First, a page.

hill, I can retrace the first steps I took as a child and be stunned by the beauty of the islands. The trembling
blue plane of the Pacific. The moss-covered cliffs and the cool rush of Manoa Falls, with its ginger blossoms
and high canopies filled with the sound of invisible birds. The North Shore’s thunderous waves, crumbling
as if in a slow-motion reel. The shadows off Pali’s peaks; the sultry, scented air.
Hawaii! To my family, newly arrived in 1959, it must have seemed as if the earth itself, weary of
stampeding armies and bitter civilization, had forced up this chain of emerald rock where pioneers from
across the globe could populate the land with children bronzed by the sun. The ugly conquest of the native
Hawaiians through aborted treaties and crippling disease brought by the missionaries; the carving up of rich
volcanic soil by American companies for sugarcane and pineapple plantations; the indenturing system that
kept Japanese, Chinese, and Filipino immigrants stooped sunup to sunset in these same fields; the
internment of Japanese-Americans during the war-all this was recent history. And yet, by the time my family
arrived, it had somehow vanished from collective memory, like morning mist that the sun burned away.
There were too many races, with power among them too diffuse, to impose the mainland’s rigid caste
system; and so few blacks that the most ardent segregationist could enjoy a vacation secure in the
knowledge that race mixing in Hawaii had little to do with the established order back home.
Thus the legend was made of Hawaii as the one true melting pot, an experiment in racial harmony. My
grandparents-especially Gramps, who came into contact with a range of people through his furniture
business-threw themselves into the cause of mutual understanding. An old copy of Dale Carnegie’s How to
Win Friends and Influence People still sits on his bookshelf. And growing up, I would hear in him the breezy,
chatty style that he must have decided would help him with his customers. He would whip out pictures of the
family and offer his life story to the nearest stranger; he would pump the hand of the mailman or make off-
color jokes to our waitresses at restaurants.
Such antics used to make me cringe, but people more forgiving than a grandson appreciated his
curiosity, so that while he never gained much influence, he made himself a wide circle of friends. A
Japanese-American man who called himself Freddy and ran a small market near our house would save us
the choicest cuts of aku for sashimi and give me rice candy with edible wrappers. Every so often, the
Hawaiians who worked at my grandfather’s store as deliverymen would invite us over for poi and roast pig,
which Gramps gobbled down heartily (Toot would smoke cigarettes until she could get home and fix herself
some scrambled eggs). Sometimes I would accompany Gramps to Ali’i Park, where he liked to play
checkers with the old Filipino men who smoked cheap cigars and spat up betel-nut juice as if it were blood.
And I still remember how, one early morning, hours before the sun rose, a Portuguese man to whom my
grandfather had given a good deal on a sofa set took us out to spear fish off Kailua Bay. A gas lantern hung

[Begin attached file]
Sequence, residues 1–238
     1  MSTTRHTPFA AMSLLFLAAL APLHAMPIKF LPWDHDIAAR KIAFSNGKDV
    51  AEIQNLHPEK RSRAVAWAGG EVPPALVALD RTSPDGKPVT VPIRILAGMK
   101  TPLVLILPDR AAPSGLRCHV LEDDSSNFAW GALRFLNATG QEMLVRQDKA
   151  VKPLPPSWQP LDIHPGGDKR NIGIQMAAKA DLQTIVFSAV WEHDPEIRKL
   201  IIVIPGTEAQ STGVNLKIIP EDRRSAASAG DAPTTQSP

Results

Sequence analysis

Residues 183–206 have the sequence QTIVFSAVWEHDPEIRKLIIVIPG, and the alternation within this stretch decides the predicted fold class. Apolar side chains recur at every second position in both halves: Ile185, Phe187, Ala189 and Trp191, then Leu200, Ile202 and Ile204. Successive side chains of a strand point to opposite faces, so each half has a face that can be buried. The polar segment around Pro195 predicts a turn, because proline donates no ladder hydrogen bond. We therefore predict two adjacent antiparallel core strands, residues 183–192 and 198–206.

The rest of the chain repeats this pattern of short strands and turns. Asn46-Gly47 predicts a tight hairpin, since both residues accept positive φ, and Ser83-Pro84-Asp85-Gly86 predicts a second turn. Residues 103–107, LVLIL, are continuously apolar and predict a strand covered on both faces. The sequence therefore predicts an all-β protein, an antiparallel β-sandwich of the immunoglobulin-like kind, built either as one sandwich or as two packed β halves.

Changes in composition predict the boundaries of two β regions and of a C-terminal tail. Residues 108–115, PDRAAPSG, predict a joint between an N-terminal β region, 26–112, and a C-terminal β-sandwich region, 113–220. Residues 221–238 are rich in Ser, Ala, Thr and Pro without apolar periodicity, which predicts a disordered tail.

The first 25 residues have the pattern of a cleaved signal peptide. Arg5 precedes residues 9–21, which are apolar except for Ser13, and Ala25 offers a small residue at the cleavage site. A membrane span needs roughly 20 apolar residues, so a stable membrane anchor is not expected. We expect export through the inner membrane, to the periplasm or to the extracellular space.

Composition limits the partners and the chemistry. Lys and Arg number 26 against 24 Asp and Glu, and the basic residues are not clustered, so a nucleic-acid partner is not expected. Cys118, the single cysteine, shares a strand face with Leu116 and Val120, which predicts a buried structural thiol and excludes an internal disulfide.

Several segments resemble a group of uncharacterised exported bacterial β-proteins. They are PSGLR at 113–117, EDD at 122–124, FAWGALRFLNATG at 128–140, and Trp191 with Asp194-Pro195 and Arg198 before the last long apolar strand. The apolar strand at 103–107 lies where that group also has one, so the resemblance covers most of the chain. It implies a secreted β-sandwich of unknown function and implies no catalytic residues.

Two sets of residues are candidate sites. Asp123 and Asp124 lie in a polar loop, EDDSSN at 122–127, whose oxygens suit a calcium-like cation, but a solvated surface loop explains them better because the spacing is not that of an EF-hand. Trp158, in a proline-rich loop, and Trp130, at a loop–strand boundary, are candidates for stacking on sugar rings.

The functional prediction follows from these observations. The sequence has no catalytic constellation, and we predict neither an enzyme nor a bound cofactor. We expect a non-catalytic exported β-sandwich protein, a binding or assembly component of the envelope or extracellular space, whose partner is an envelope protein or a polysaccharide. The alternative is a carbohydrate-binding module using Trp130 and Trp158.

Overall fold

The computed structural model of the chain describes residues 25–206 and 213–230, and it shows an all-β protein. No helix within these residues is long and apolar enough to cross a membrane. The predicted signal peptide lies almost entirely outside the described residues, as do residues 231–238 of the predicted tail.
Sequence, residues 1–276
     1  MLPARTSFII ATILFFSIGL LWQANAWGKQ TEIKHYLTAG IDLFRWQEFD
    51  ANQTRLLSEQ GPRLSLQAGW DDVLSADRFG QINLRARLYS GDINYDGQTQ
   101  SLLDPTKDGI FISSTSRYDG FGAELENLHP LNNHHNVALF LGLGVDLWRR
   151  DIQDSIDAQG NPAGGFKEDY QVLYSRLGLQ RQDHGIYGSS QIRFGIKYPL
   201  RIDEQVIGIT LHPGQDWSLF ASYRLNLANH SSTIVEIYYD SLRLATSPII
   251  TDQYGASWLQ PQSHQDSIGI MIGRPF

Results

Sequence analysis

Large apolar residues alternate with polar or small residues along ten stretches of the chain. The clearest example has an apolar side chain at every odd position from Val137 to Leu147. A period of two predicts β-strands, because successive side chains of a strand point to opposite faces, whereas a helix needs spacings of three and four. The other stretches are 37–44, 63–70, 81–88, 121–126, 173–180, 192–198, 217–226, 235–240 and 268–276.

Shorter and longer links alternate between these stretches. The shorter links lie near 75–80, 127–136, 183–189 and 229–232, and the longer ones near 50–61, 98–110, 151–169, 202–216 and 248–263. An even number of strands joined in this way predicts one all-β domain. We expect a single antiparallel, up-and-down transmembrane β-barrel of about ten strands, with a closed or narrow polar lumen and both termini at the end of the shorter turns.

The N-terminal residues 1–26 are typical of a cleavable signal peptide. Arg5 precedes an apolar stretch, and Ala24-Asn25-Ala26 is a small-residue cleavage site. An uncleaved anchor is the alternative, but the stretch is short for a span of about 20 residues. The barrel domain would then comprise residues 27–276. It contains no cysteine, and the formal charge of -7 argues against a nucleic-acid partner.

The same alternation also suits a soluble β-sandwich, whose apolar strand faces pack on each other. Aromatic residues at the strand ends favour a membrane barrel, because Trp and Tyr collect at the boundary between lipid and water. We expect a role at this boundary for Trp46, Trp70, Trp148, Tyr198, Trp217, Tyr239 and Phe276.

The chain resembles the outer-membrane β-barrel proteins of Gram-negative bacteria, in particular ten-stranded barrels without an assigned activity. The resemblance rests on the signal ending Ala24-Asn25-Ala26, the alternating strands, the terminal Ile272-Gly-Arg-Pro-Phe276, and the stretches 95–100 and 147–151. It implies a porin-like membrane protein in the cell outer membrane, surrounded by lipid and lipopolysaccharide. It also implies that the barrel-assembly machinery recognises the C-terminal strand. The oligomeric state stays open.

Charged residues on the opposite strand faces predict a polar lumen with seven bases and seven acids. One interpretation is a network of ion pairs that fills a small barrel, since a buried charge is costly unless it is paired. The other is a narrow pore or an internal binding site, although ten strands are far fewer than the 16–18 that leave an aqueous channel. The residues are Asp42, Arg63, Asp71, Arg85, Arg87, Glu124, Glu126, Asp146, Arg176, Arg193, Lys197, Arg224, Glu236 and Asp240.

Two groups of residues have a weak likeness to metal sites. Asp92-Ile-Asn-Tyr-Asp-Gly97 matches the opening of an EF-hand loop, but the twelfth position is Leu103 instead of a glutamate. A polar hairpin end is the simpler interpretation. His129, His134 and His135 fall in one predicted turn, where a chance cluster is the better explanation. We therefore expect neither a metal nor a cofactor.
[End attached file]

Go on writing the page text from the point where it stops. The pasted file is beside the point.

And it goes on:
from the cabin on the small fishing boat as I watched the men dive into inky-black waters, the beams of their
flashlights glowing beneath the surface until they emerged with a large fish, iridescent and flopping at the
end of one pole. Gramps told me its Hawaiian name, humu-humu-nuku-nuku-apuaa, which we repeated to
each other the entire way home.
In such surroundings, my racial stock caused my grandparents few problems, and they quickly adopted
the scornful attitude local residents took toward visitors who expressed such hang-ups. Sometimes when
Gramps saw tourists watching me play in the sand, he would come up beside them and whisper, with
appropriate reverence, that I was the great-grandson of King Kamehameha, Hawaii’s first monarch. “I’m
sure that your picture’s in a thousand scrapbooks, Bar,” he liked to tell me with a grin, “from Idaho to
Maine.” That particular story is ambiguous, I think; I see in it a strategy to avoid hard issues. And yet
Gramps would just as readily tell another story, the one about the tourist who saw me swimming one day
and, not knowing who she was talking to, commented that “swimming must just come naturally to these
Hawaiians.” To which he responded that that would be hard to figure, since “that boy happens to be my
grandson, his mother is from Kansas, his father is from the interior of Kenya, and there isn’t an ocean for
miles in either damn place.” For my grandfather, race wasn’t something you really needed to worry about
anymore; if ignorance still held fast in certain locales, it was safe to assume that the rest of the world would
be catching up soon.
In the end I suppose that’s what all the stories of my father were really about. They said less about the
man himself than about the changes that had taken place in the people around him, the halting process by
which my grandparents’ racial attitudes had changed. The stories gave voice to a spirit that would grip the
nation for that fleeting period between Kennedy’s election and the passage of the Voting Rights Act: the
seeming triumph of universalism over parochialism and narrow-mindedness, a bright new world where